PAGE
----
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The Collegian

The Student News Site of Tarrant County College

The Collegian

The Student News Site of Tarrant County College

The Collegian

Demi Lovato’s latest album takes no prisoners

Demi Lovato performs in their music video of “29” on Youtube. The video released prior to the albums debut. Photo courtesy of YouTube
Demi Lovato performs in their music video of “29” on Youtube. The video released prior to the albums debut.
Photo courtesy of YouTube

ALEX HOBEN
editor-in-chief
alexandra.hoben@my.tccd.edu

Demi Lovato’s “FVCK YOU” album is a raw, painful collection lifting the curtain on the conflict the singer went through being a child star, and the repercussions after breaking free.

The tracks in this collection are like listening to someone’s journey through their depression and drug-addled downward spiral, then going with them through recovery and introspection period, all smacked onto a typical early 2000s rock format.

The composition and the instrumentals in these songs brought me back to rocking out to Linkin Park, Evanescence and Papa Roach. Lovato’s power through their voice is impressive and the emotion can be clearly heard in the way they at times scream out the lyrics they want to get across. The heartbreak they felt was not just from the emotional release of singing the song – but the inspiration for the lyrics.

As good as Lovato’s voice is, the lyrics at times do get confusing. Some lines repeat multiple times even though it breaks the flow of the song, now this might be intentional but on the initial listen through it just sounded disjointed and out of place.

The stand-out song overall isn’t actually the namesake of the album but instead “29”, this song is a wild ride from the very first acoustic lyric to the disjointed sudden end and it is fantastic.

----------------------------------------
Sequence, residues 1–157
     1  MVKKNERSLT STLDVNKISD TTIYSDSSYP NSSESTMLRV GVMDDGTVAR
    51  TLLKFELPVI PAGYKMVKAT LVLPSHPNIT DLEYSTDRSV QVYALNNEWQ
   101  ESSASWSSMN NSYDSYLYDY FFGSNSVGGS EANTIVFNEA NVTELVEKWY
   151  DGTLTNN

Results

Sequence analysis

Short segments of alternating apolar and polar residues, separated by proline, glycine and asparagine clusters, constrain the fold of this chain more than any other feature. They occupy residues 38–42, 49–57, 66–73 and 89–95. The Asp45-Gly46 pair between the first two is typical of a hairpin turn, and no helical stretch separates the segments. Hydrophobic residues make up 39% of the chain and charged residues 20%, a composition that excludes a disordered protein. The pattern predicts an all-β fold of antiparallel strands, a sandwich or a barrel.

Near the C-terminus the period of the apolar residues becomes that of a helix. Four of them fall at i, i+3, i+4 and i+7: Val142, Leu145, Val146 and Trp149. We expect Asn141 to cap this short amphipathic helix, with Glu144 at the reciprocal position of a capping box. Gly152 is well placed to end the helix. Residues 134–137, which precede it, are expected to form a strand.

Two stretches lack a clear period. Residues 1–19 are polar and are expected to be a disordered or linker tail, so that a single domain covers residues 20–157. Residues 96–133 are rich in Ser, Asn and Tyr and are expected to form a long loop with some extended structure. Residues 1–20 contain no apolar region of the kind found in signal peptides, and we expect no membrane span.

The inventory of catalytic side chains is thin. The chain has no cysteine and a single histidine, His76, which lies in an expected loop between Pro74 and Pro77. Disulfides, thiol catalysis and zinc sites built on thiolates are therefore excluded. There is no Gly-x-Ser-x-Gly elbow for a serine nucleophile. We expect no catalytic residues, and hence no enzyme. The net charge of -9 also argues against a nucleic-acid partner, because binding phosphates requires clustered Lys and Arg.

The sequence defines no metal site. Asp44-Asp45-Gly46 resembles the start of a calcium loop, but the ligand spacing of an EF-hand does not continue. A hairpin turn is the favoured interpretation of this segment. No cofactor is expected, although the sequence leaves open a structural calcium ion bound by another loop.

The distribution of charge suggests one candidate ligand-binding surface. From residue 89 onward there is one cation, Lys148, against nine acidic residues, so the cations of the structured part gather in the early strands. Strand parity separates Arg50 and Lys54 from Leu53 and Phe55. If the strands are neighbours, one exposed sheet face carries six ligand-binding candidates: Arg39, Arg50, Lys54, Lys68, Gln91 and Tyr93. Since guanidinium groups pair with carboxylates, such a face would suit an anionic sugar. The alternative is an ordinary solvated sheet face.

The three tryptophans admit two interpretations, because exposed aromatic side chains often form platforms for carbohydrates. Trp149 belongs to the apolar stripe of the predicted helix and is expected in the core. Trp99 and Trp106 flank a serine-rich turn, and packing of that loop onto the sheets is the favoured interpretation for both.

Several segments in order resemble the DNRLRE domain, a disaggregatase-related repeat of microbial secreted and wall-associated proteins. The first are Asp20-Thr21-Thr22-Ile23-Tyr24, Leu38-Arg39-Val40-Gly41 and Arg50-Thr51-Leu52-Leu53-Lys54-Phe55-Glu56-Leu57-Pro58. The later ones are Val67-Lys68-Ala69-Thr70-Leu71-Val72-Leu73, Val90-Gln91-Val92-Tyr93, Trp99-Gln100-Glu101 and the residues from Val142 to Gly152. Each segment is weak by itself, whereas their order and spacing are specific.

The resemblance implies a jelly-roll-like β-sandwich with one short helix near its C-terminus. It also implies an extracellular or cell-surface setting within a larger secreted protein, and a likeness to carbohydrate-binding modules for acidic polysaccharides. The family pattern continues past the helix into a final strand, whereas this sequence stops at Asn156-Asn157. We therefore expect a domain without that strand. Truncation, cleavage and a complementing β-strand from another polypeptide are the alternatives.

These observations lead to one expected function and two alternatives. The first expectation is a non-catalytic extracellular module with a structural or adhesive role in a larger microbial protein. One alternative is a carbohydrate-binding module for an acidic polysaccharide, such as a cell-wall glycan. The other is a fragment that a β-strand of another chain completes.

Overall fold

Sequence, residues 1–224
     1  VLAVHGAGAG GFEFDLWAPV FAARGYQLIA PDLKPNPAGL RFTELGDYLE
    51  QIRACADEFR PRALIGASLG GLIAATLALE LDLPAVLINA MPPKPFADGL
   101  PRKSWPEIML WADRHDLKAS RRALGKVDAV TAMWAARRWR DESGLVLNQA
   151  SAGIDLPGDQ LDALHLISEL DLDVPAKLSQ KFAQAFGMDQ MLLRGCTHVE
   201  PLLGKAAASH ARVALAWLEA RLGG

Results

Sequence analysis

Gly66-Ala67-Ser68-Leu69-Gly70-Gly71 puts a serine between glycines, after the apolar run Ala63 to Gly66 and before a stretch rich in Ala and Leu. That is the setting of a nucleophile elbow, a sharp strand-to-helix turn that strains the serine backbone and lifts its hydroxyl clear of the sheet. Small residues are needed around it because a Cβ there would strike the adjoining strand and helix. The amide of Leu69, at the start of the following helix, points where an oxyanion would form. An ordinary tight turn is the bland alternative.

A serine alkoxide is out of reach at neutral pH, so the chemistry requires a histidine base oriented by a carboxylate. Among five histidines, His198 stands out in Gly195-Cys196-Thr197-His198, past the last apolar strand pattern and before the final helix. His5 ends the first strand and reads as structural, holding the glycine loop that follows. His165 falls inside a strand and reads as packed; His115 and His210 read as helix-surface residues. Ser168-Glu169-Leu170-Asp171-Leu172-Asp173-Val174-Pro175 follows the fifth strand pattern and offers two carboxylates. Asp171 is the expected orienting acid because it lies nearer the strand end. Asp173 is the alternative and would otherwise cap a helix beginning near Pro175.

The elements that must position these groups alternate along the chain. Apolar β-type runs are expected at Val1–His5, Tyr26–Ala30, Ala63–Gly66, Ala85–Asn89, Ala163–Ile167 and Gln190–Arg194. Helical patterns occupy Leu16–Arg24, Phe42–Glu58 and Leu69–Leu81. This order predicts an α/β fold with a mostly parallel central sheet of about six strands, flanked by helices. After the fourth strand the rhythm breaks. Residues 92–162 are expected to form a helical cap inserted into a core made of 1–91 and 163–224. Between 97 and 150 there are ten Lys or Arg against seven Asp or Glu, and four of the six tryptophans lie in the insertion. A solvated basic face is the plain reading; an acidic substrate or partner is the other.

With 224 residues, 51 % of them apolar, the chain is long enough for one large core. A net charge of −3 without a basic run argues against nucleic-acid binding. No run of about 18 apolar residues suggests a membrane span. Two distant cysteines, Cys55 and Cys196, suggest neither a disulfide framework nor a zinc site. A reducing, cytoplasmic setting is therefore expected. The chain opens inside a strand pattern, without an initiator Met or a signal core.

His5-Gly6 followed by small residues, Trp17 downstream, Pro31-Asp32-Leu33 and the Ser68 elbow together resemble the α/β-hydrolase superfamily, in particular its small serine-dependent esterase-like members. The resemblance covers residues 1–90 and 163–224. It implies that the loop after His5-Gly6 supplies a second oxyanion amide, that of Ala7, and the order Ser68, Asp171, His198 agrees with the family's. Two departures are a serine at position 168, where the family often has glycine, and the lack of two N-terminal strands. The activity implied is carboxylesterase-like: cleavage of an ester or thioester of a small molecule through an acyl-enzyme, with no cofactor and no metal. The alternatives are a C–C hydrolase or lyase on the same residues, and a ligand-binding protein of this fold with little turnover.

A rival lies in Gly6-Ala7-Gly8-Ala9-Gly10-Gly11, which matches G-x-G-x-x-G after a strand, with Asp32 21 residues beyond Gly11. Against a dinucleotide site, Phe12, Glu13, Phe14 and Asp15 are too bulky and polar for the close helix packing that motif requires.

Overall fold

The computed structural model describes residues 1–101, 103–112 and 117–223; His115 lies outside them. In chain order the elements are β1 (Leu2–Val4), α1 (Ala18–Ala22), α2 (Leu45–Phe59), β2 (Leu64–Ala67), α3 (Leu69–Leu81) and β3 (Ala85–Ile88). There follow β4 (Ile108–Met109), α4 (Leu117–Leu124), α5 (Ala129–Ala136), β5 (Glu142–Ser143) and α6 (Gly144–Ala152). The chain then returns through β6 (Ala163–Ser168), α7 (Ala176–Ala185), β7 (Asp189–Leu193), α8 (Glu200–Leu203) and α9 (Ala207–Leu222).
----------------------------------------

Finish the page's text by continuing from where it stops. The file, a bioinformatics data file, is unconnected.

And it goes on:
The song addresses the relationship Lovato had with Wilmer Valderrama when they were 17 and he was 29, and the revelations they had of how messed up that was of him and how they know better now. The lyrics are pointed and accusatory and the way Lovato slowly loses their composure in their voice the longer the song goes is amazing. If there is only one song to listen to on this album, it’s this one.

It feels like each song is its own journey, and we just see the barest snapshot of what Lovato went through when writing it.

Lovato doesn’t sugarcoat anything, they are upfront with everything they went through clearly stating it in the lyrics. It’s refreshing to see an album not try to beautify or make someone’s suffering artistic. This album is pure catharsis for them and the listener is getting a glimpse of what all that pressure and those expectations of being a child star can do to someone.

The nostalgic feel from the music implies that Lovato wanted to make this kind of music when they were younger but couldn’t because of all the boxes they had to fit in as a Disney child star. The freedom that can be felt screaming the lyrics to “FREAK” down the highway or crying because of the message in “HAPPY ENDING” are all the things Lovato couldn’t do when they were made to conform into ideals that are explained in “EAT ME”.

This album is a testament to the horrors of the image-based entertainment industry and what trying to rebel against yourself can do to your psyche, but there’s still somehow hope, the last track “4 EVER 4 ME”, is a love song looking forward to the future with the one they’ve chosen to be with and that is exactly the sort of soother needed after such a wild ride of emotions serating the soul.

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